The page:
As gasoline prices continue to rise, drivers and government officials are beginning to find natural gas vehicles more appealing than ever.
In fact, some government officials are calling on Detroit carmakers to offer up a CNG passenger vehicle. More than 20 state governors on board in support of development of a CNG sedan. The officials claim they could buy thousands of the CNG vehicles to replace their current gasoline powered fleets. But, those cars aren’t readily available. Only one, the CNG Honda Civic, is a passenger car. Detroit currently offers no natural gas-fueled passenger cars.
A Step Forward
Chrysler has responded to the requests of private companies with big truck fleets to offer an alternative to the heavy-duty gasoline powered trucks.
The 2500 Ram heavy-duty truck runs on CNG but has a backup gasoline tank (in case drivers can’t find a natural gas pump). The version also has two natural gas tanks in the truck bed.
Right now, these CNG-fueled vehicles are quite expensive because of the tanks. The 2500 Ram costs $10,000 more than the gasoline version. The CNG Civic costs $4,000 more than the gasoline model.
With enough demand, however, the costs could go down.
Plenty of Natural Gas
New hydraulic fracturing techniques have made an abundance of natural gas available. Industry experts are seeing supplies unheard of before the new advances in fracking. Now the industry knows how much natural gas may be available—enough to last for a century, according to some analysts.
Government officials who support a transition to CNG vehicles site the environmental and economical benefits.
The largest study of alternative fuel options for on-road transportation in the United States has concluded that natural gas is a promising fuel from both an economic and technology perspective.
Released August 1 , the National Petroleum Council’s Report “Advancing Technology for America’s Transportation Future” is the result of two years of work examining the potential for a variety of fuels and technologies for both light-duty and heavy-duty vehicles. More than 300 participants representing industry, government, academia, and non-governmental organizations contributed their knowledge and time to the analysis, economic modeling, and development of findings.
“There are competing priorities in the pursuit of new fuel and vehicle technologies that are reliable, affordable and environmentally advanced and natural gas is well-positioned within the study,” said Karen Hamberg, Vice President of Sustainable Energy Futures at Westport Innovations Inc. “The potential for a long-term and low-cost domestic supply of natural gas driven by economically recoverable, unconventional resources provides the economic driver for the increased use of natural gas for transportation.”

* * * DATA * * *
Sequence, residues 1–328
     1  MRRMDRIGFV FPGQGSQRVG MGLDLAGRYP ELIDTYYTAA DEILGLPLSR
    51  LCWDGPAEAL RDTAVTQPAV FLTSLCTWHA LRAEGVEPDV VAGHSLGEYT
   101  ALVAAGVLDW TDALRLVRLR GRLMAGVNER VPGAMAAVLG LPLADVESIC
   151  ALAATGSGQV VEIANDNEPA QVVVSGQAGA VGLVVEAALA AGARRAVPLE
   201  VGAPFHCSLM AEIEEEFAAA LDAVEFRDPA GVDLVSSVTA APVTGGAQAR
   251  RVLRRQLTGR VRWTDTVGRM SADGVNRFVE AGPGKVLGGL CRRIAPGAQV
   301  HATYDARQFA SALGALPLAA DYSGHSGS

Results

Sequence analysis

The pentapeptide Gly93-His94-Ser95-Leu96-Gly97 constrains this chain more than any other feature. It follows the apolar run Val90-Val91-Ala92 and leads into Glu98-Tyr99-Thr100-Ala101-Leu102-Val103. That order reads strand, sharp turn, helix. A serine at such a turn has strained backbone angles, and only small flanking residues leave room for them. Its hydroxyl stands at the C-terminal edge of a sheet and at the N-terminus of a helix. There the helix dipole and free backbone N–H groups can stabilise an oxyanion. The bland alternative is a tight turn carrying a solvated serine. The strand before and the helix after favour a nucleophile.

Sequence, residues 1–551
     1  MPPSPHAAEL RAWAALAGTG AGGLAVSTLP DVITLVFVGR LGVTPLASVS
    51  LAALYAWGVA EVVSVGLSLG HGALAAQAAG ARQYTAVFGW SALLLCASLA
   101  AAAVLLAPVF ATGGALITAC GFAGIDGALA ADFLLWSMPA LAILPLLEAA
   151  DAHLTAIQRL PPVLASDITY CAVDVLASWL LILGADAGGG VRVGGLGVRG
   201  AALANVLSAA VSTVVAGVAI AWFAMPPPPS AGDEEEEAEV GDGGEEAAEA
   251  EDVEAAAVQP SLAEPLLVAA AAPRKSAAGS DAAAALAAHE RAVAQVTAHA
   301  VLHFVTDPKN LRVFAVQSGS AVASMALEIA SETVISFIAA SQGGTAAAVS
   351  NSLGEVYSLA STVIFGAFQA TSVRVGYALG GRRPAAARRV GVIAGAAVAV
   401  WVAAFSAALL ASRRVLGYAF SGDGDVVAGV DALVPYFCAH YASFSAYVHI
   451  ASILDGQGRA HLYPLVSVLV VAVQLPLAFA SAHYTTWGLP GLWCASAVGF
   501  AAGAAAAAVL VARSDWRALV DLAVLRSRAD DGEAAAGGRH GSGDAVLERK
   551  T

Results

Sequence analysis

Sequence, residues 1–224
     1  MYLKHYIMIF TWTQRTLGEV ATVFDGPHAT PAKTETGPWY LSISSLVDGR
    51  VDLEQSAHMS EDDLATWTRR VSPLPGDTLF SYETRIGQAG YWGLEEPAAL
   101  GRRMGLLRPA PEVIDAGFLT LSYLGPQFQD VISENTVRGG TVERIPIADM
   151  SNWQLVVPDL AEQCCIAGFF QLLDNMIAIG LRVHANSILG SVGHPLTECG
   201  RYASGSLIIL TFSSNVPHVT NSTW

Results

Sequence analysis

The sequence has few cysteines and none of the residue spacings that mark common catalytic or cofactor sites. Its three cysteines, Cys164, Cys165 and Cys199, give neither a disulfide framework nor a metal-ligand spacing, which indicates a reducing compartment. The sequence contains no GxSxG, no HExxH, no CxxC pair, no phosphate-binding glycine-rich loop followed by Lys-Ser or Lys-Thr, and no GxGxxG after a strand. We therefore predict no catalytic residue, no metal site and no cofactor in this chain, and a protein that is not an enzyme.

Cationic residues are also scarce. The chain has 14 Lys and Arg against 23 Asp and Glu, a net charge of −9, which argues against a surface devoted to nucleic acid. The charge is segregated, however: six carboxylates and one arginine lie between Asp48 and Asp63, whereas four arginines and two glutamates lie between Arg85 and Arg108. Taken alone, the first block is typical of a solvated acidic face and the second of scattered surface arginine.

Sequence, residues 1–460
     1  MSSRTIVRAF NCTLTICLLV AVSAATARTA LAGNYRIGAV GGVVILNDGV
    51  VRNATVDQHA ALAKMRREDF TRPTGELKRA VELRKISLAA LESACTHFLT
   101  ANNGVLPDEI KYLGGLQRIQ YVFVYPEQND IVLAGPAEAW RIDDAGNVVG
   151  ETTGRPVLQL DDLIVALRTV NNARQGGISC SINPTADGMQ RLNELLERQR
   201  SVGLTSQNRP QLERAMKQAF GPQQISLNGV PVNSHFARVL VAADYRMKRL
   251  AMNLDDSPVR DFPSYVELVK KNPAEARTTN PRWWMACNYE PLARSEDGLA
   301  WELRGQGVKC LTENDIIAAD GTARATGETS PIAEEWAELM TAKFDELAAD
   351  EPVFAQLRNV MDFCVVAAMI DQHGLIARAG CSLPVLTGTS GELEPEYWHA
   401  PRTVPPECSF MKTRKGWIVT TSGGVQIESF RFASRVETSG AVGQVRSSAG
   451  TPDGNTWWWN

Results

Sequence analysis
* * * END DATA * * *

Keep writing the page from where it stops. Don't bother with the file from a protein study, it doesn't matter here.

In addition to natural gas, the study analyzed four other fuel pathways, including hydrocarbon liquids, biofuels, electricity, and hydrogen, as well as the fuel-vehicle systems that may develop over the next several decades.
“The study identified few technological barriers to the deployment of natural gas fueled vehicles,” said Gallagher. “While infrastructure hurdles were identified as a barrier to the adoption of natural gas fueled vehicles, the study identifies solutions such as the enhancement of current infrastructure, the creation of natural gas corridors and vehicles that can run on more than one fuel.”
To read the Advancing Technology for America’s Transportation Future Report: http://www.npc.org/FTF-report-080112/FTF_Report_Summary-080112.pdf
Filling up a natural gas car’s fuel tank is simple, if you live in the right place. Ann Arbor, Mich., for example, has two natural gas pumps. But that kind of infrastructure is unusual in the vast majority of U.S. cities.
In Western Pennsylvania, the options are truly limited. According to CNGprices.com there are only a handful of CNG stations in Western PA.
One of those few stations is O-Ring CNG Fuel Systems in Punxsutawney. It has been operating its compressed natural gas station for a year and has about 85 customers. Compressed natural gas is currently $2 a gallon at that station. O-Ring also has stations in Coolspring and Rimbersburg. Another station is slated to open near Interstate 80 in Clarion County.
A new paper: The Arithmetic of Shale published by Yale University concludes that even a small shift to natural gas could save consumers a lot of money. According to the authors, replacing just 7 percent of the oil used in the U.S. each year with natural gas would save consumers $25.6 billion a year or $130.61 per licensed driver every year. If 50 percent of the current amount of oil used was replaced with natural gas, you’re looking at $182.9 billion a year, or nearly $1,000 per year per driver.
If You Build It, Will They Come?
Car companies are hesitant to start new car programs unless they are sure that demand will be there.
No car companies have disclosed if they plan to bid on the governors’ proposal. Honda and Chrysler could have an edge if they do because of their already existing vehicles.
The governors extended a request for proposals to car manufacturers to develop the cars in late July. Participating states are expected to encourage their cities, universities, and private companies to CNG vehicles.
Early efforts to market CNG cars to U.S. consumers failed, and one of North America’s largest natural gas producers, Encana, announced a huge loss, because gas supply is now far outstripping demand.